Any Christian who claims that Jesus was indifferent to sexual purity had better cut this passage out of their New Testament and consign it to the trash bin. Jesus condemns lust. What is lust? How would Andrew Sullivan define lust? Jesus believes that “sexual immorality” is so serious that it’s the only legitimate reason for divorce. What could Jesus have meant by “sexual immorality”? Clearly, unambiguously, Jesus believes in a right way of sexual conduct, and a wrong way — and condemns the wrong way in serious terms. It is completely untenable to say that Jesus was indifferent to sexual conduct. If we want to know more explicitly what kind of sexual conduct Jesus found to be trayf, we should consult his tradition’s teachings, found in the Hebrew Bible. Or you could trust the rabbi Paul, who was a contemporary of Jesus’s.

If you really don’t want to know, because to know is to be responsible, and to be responsible is to have to change your life and die to yourself in ways you prefer not to, well, then you are fooling yourself. It’s as if the Rich Young Ruler went away from Jesus sorrowful, and then wrote an essay later saying that if we really knew Jesus, we would know that he really didn’t mean that one would have to sell all one’s possessions if one wants to have eternal life.

Look, I don’t exempt myself from this. Every day I resist the radical call of Jesus to detach ourselves from our desires for His sake. The point of the Christian life is ascetic struggle to be perfect, as Our Father in heaven is perfect — and yet knowing that perfection, in the sense of following the Law, isn’t possible. We have to perfect ourselves in Love, but perfecting ourselves in Love does not mean, and must not mean, giving ourselves a free pass to avoid or deny the teachings of Jesus that we find difficult. He told us that if we loved Him, we would keep His commandments. That is the standard. We don’t get a free pass for greed, and we don’t get a free pass for lust, either.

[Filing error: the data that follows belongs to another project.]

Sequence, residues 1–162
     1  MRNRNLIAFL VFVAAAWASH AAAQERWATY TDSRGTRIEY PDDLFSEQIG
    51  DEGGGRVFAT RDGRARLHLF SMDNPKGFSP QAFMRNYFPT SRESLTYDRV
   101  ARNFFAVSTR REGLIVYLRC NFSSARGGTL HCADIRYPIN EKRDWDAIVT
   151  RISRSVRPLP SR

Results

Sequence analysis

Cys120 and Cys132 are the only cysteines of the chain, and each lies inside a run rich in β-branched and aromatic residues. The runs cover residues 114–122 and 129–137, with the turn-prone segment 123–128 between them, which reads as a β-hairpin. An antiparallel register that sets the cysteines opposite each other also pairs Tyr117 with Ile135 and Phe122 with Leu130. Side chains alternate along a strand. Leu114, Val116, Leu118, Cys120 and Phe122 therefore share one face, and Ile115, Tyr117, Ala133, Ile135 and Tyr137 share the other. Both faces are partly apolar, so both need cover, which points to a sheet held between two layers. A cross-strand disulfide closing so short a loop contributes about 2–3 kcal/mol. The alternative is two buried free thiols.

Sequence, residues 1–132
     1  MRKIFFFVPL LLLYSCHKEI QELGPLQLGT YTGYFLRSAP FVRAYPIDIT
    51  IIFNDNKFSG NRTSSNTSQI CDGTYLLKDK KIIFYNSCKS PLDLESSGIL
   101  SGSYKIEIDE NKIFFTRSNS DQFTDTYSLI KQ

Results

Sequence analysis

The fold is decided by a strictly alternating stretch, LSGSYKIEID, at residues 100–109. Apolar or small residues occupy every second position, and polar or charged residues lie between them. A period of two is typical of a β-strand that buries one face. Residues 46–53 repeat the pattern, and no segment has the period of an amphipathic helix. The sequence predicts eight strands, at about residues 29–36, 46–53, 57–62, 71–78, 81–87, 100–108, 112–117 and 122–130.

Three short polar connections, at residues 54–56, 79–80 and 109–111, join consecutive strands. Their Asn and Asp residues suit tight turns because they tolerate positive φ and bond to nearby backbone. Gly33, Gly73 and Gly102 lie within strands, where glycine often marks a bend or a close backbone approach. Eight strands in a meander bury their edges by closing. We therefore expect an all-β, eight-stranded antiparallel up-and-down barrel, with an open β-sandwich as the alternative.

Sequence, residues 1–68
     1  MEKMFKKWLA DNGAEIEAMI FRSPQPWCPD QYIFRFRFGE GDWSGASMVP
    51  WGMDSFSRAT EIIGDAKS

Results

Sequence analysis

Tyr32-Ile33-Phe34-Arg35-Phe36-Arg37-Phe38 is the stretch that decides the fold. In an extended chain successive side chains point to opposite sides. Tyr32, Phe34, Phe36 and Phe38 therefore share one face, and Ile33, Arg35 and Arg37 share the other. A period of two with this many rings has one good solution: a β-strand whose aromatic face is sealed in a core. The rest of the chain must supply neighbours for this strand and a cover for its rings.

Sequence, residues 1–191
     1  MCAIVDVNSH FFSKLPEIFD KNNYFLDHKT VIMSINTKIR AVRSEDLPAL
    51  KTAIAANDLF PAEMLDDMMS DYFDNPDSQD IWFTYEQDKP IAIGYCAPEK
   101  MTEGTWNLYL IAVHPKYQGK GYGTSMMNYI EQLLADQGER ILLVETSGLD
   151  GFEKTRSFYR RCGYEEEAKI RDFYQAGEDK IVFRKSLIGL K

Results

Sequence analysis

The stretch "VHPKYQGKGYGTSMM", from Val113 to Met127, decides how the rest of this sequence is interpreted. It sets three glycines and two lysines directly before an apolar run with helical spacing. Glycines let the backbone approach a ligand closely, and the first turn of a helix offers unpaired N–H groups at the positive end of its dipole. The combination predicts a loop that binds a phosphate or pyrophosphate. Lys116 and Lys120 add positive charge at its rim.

UPDATE: A couple other things from Sullivan’s essay struck me, along these lines.

1. He writes, of St. Francis:

Jesus was without politics, so was Francis. As Jesus fled from crowds, so did Francis—often to bare shacks in woodlands, to pray and be with God and nature. It’s critical to recall that he did not do this in rebellion against orthodoxy or even church authority. He obeyed orders from bishops and even the pope himself.

So he approves of St. Francis, then? But he himself rebels against orthodoxy and church authority, certainly on the matter of sex and sexuality. How can St. Francis be a model when he accepted orthodoxy and authority? If Francis is a model, then why won’t Andrew Sullivan do the same in imitation of him? Or are we only to obey those aspects of Francis’s life that we find easy to obey?

2. This:

Jesus’ doctrines were the practical commandments, the truly radical ideas that immediately leap out in the simple stories he told and which he exemplified in everything he did. Not simply love one another, but love your enemy and forgive those who harm you …  Above all: give up power over others, because power, if it is to be effective, ultimately requires the threat of violence, and violence is incompatible with the total acceptance and love of all other human beings that is at the sacred heart of Jesus’ teaching. … Jefferson feared that the alternative to a Christianity founded on “internal persuasion” was a revival of the brutal, bloody wars of religion that America was founded to escape.

If Sullivan really believes that, then what advice, then, would Sullivan give to the gay organization in Kentucky that filed a complaint with the Human Rights Commission there against a Christian t-shirt maker that refused to make gay pride t-shirts for them? Would he say that they should accept this rejection and love the Christian t-shirt makers anyway? Would he counsel them to turn away from the attempt to use the state to do violence to their business, via sanctions and fines levied by the Human Rights Commission? Would he encourage them to retreat from the culture-war battlefield, and try “persuasion” instead?

If not, why not?